I’m here today to talk to you about a very important topic involving sexual assault trials. In Canada, in the past, in a rape trial, a sexual assault trial, the tactics of the defense counsel were much different than they are today. For example, if an alleged victim was, say, in a bedroom and they didn’t put up a huge hue and cry and try and fight off the aggressor, the person who’s charged with assault, defense counsel would attack that, say “look he should have said no, you should have done this, why didn’t you cry out. There’s other people in the at the party, you didn’t do this and that.” That has been debunked – quite properly so I might add, I agree with that – by the Supreme Court of Canada as a rape myth. Victims act differently. Some people freeze, some people do put up a hue and cry but we have to look at each individual victim and that’s very important and so that tactic from 34 years ago is just not proper in Canadian law anymore. Secondly, after the attack, some people think a victim should act a certain way: have a crying demeanor, come out of the party be all upset. No, everyone reacts differently, everyone has a different demeanor. That rape myth is debunked as well and the other thing is on delayed disclosure so for example, someone is raped on day one and doesn’t report it for ten years, studies have shown that that’s conduct that many people do. They’re not ready to go forward. Those are called rape myths and stereotypes. Judges in Canada follow them quite properly so now and a jury is told about them as well. The problem becomes as a defense counsel, at what point does a rape myth and stereotype actually become conduct that’s not proper that you would expect the person should react in a certain way. Let me give you an example, let’s say a person is raped but continues dating the person, there’s an example. Let’s say a person’s raped but then socializes normally with the person for the rest of the night and in a friendly manner goes into a pool with them. These are topics which the courts are struggling with currently in Canada and as defense council you have to be very careful how you approach this in a courtroom. In that situation where you have a person who reacts, you know, doesn’t freezes up who might socialize normally later and might not report it for a number of years and you have evidence of that you might not want to elect judge alone because the judge alone is gonna completely follow the rape mess but what’s a jury gonna do with the pool situation, for example, at least as defense counsel your [need to] apply your common sense; you can’t make a negative comment about rape myths and stereotypes but where does the line cross. I believe that there are rapists and stereotypes – there’s no question that Supreme Court of Canada is right – but have we gone too far, is the issue and certainly judges are struggling with this topic, juries are struggling with this topic. I just completed a recent sexual assault trial involving a rape and there was some of these myths going on and, and a lot of friendly interaction between the alleged victim and my client later. I’m not allowed to say this to the jury about rape myths and say “hey she should have reacted differently but what I am allowed to say is look you need to apply your common sense to all of the evidence”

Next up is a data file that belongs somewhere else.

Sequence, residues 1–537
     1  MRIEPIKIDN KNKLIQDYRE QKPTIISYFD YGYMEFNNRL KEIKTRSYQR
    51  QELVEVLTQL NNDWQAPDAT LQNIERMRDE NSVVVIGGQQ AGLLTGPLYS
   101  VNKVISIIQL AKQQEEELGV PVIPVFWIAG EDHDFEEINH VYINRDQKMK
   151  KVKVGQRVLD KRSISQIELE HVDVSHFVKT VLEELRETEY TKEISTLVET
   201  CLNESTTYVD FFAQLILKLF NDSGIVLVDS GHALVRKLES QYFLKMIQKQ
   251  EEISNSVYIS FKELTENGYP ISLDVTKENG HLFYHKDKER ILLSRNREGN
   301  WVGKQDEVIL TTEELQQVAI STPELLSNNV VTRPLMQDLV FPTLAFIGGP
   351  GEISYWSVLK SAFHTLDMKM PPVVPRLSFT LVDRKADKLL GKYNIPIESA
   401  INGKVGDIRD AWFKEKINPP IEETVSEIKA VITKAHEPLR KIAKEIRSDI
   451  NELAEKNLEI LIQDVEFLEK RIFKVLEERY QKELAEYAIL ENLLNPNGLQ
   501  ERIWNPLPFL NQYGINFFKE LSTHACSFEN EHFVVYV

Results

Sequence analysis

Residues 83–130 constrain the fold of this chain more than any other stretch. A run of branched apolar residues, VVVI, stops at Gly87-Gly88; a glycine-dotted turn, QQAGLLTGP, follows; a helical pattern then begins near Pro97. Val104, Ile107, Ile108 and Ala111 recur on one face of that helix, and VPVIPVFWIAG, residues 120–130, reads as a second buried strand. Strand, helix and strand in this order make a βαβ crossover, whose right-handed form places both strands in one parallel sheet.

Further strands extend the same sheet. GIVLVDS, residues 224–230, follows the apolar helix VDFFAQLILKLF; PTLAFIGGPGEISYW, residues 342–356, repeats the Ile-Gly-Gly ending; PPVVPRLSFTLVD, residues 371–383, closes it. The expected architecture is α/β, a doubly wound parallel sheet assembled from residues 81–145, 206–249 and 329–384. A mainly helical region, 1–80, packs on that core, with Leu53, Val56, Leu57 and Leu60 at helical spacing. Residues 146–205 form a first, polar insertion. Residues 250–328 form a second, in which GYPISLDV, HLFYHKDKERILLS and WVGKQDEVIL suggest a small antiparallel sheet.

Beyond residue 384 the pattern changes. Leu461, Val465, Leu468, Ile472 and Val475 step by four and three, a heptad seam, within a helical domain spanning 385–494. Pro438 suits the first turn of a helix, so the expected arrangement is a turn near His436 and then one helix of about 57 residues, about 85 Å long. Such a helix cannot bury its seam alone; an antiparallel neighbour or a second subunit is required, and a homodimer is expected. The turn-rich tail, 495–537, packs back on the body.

and [similarly] if the judge expresses an opinion to the jury of guilt they’re entitled to ignore the judge as well they have to follow the law. The judge’s gonna tell them about rape myths and stereotypes but they still need to apply their common sense but in the average case where someone just freezes or someone is not reacting negatively at a party after being raped or someone doesn’t disclose it there’s no question those are rape myths and stereotypes and you can’t touch on those topics at all. But that the issue which defense counsel are going to struggle with is what about the outlier situation where the person continues dating or very much has extremely friendly conduct with the person later. It’s a struggle to know what to do with this right now and I think we need perhaps more guidance in certain factual situations in Canada and I know every defense lawyer who restricts their practice to criminal law is really attuned to this particular situation and if your case falls in here we really need to deal with this carefully but the bottom line is we need to develop other strategies to win and those strategies focus on credibility and reliability of the complainant showing she’s not believable for other reasons other than rape myths and stereotypes and and that she’s not accurate. Part of that is preparing you to testify properly and create a reasonable doubt. Any defense lawyer in Canada who’s still focused on these rapists and stereotypes are not valid. That’s not the right strategy. Develop other strategies, if you come to our law firm, we’re gonna do the right thing, be ethical lawyers and not buy into the rape myth and stereotype [in accordance with what] the Supreme Court of Canada has set up for us.

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